If you miss a dose of Niacin, take it as soon as you remember. If it is near the time of the next dose, skip the missed dose. Take your next dose at the regular time. Do not double the dose to catch up.
See also How to Use section. Drug interactions may change how your medications work or increase your risk for serious side effects. This document does not contain all possible drug interactions. Keep a list of all the products you use (including prescription/nonprescription drugs and herbal products) and share it with your doctor and pharmacist. Do not start, stop, or change the dosage of any medicines without your doctor's approval."blood thinners" (such as warfarin, heparins). Check all prescription and nonprescription medicine labels carefully since vitamins/dietary supplements may also contain niacin or niacinamide (nicotinamide). These may increase your risk of side effects if taken together. Ask your doctor or pharmacist for more details. Niacin may interfere with certain laboratory tests (including urine or blood catecholamines, copper-based urine glucose tests), possibly causing false test results. Make sure laboratory personnel and all your doctors know you use Niacin.
Niacin Side Effects
What are Niacin side effects?
Side effects are physical, mental or emotional symptoms which occur in addition to or outside of the desired effect of a therapeutic treatment such as an over-the-counter or prescribed drug or medication. Side effects from Niacin may occur at the beginning or at the end of treatment and may also depend on the length of time an individual remains on the treatment. Side effects, also known as adverse effects, are generally more likely to occur when starting treatment. Individuals may also experience side effects from Niacin as a result of an interaction with other medications.
Side Effects of Niacin
The side effects of Niacin may vary in number and intensity for many different reasons. Factors such as age, weight, gender and ethnicity may influence the side effects of Niacin. Also, an individual’s state of general physical health and seriousness of the disease or illness as well as an increase or decrease in dosage may lead to side effects. Further, side effects from Niacin may also occur as a result of an interaction with certain herbal supplements, foods or drinks.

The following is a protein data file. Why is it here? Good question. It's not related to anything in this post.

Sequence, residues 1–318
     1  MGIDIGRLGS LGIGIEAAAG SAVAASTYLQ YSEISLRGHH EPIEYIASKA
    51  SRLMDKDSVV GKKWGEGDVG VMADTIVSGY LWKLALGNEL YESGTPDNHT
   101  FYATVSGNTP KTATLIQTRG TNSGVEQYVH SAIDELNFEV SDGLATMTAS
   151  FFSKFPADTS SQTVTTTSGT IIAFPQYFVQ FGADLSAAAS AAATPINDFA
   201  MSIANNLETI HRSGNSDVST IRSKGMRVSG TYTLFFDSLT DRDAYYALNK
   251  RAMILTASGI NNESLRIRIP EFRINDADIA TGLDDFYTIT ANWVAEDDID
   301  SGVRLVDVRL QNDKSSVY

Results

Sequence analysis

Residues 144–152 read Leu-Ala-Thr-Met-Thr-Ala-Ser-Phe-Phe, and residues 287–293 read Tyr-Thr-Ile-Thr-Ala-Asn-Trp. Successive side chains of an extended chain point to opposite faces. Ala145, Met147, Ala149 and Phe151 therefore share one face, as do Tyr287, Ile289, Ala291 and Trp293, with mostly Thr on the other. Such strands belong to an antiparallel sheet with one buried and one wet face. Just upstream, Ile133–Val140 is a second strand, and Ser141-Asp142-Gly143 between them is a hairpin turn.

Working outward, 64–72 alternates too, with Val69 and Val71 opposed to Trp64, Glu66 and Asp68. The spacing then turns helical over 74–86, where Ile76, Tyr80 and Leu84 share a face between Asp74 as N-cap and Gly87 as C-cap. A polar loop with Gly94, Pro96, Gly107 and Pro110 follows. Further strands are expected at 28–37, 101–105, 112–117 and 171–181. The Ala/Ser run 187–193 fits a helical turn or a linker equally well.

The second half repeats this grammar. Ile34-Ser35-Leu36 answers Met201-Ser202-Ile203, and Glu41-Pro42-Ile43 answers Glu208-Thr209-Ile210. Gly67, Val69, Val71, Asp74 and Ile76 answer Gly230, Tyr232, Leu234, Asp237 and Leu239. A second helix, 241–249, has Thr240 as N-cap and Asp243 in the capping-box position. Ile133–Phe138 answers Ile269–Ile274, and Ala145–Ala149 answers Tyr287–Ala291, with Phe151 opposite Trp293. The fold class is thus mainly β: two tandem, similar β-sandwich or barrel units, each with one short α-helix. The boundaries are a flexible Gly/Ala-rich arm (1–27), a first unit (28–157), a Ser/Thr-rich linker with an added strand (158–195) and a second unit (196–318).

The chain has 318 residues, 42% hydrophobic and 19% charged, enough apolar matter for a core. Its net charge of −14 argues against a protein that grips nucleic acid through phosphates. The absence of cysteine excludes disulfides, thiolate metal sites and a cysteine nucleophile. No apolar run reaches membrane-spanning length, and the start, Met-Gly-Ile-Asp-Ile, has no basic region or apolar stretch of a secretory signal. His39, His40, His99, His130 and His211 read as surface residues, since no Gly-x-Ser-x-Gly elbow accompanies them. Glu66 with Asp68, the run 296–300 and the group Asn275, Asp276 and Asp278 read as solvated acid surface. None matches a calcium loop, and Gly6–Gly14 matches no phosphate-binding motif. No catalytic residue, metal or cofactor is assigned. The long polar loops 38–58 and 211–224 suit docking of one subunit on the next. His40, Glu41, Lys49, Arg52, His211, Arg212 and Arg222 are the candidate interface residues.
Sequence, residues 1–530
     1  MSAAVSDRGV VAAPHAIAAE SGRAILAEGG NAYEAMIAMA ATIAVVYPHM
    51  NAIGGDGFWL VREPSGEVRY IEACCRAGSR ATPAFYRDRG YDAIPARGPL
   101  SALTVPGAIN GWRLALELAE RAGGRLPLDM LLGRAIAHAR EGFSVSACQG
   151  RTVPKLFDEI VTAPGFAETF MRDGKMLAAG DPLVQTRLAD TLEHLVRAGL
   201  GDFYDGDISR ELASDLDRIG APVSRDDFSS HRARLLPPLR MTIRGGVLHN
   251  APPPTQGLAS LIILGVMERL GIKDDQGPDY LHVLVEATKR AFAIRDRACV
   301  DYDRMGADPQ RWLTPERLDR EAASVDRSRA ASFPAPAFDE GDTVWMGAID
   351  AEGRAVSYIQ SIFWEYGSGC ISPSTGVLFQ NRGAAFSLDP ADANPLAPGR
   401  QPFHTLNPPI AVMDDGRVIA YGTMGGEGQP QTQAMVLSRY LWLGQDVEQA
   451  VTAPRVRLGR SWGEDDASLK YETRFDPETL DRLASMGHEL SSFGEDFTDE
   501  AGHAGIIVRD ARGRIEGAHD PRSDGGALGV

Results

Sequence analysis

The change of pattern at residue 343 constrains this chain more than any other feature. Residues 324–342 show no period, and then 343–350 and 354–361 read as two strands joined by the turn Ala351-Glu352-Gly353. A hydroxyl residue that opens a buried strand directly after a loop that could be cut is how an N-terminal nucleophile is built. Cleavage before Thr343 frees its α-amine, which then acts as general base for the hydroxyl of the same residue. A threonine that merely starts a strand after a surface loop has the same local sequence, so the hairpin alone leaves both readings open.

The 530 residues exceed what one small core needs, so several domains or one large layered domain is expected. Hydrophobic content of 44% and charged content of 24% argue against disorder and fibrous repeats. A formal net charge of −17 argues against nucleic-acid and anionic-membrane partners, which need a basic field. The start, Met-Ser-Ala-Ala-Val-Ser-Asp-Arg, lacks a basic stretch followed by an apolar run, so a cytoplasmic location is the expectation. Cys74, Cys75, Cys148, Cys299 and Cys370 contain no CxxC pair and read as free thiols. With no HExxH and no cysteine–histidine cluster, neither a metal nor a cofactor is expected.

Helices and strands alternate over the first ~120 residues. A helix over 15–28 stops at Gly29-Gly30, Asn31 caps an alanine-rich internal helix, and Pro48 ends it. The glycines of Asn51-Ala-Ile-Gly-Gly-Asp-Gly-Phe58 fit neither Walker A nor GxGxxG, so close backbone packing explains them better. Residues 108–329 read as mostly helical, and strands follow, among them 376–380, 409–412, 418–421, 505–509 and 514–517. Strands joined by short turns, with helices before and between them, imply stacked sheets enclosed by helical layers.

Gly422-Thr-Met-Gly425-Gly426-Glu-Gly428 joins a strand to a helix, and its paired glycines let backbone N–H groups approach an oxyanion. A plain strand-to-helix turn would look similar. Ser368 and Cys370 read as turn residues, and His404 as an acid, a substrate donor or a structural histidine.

Prescription drug side effects can be serious and may cause patients to stop the treatment. However, when side effects from the use of a prescription drug, such as Niacin, do occur a patient should consult their physician. A physician may prescribe an additional treatment in order to control the symptoms or an adjustment in the dosage may be made. In addition, changes to diet, exercise or other lifestyle activities may help to lessen the side effects of Niacin.
By understanding side effects and the factors which may influence the occurrence of side effects patients are empowered to take an active role in their care. Patients who have specific questions about the side effects of Niacin, or any other medication, should contact their physician. General information about Niacin and the side effects associated with Niacin are described in the following:
Common Niacin Side Effects
- pruritus of skin
Less Frequent Niacin Side Effects
- thrombocytopenic disorder
- cardiac arrhythmia
- exacerbation of peptic ulcer
- dry skin
- abdominal pain with cramps
Rare or Very Rare Niacin Side Effects
- drug-induced hepatitis
- abnormal hepatic function tests
- macular retinal edema
- orthostatic hypotension
- muscle weakness
- general weakness
- skin rash
- blurred vision
Store at room temperature away from moisture and light. Do not store in the bathroom. Refer to storage information printed on the package. If you have any questions about storage, ask your pharmacist. Keep all medications away from children and pets. Do not flush medications down the toilet or pour them into a drain unless instructed to do so. Properly discard Niacin when it is expired or no longer needed. Consult your pharmacist or local waste disposal company.
IMPORTANT DISCLAIMER: All medical content is supplied by a third-party company who is independent from this web site. As such, this web site cannot guarantee the reliability, accuracy, and /or medical efficacy of the information provided. In all circumstances, you should seek the advice of a health professional pertaining to drug, treatment and/or medical condition advice. Note that not all products are shipped by our contracted Canadian pharmacy. This website contracts with dispensaries around the world that ship products directly to our customers. Some of the jurisdiction include but are not limited to United Kingdom, Europe, Turkey, India, Canada, Vanuatu, Mauritius, and USA. The items within your order may be shipped from any one of these jurisdictions depending on the availability and cost of the products at the time you place your order. The products are sourced from these countries as well as others. Please note that the product appearance may vary from actual product received depending on availability.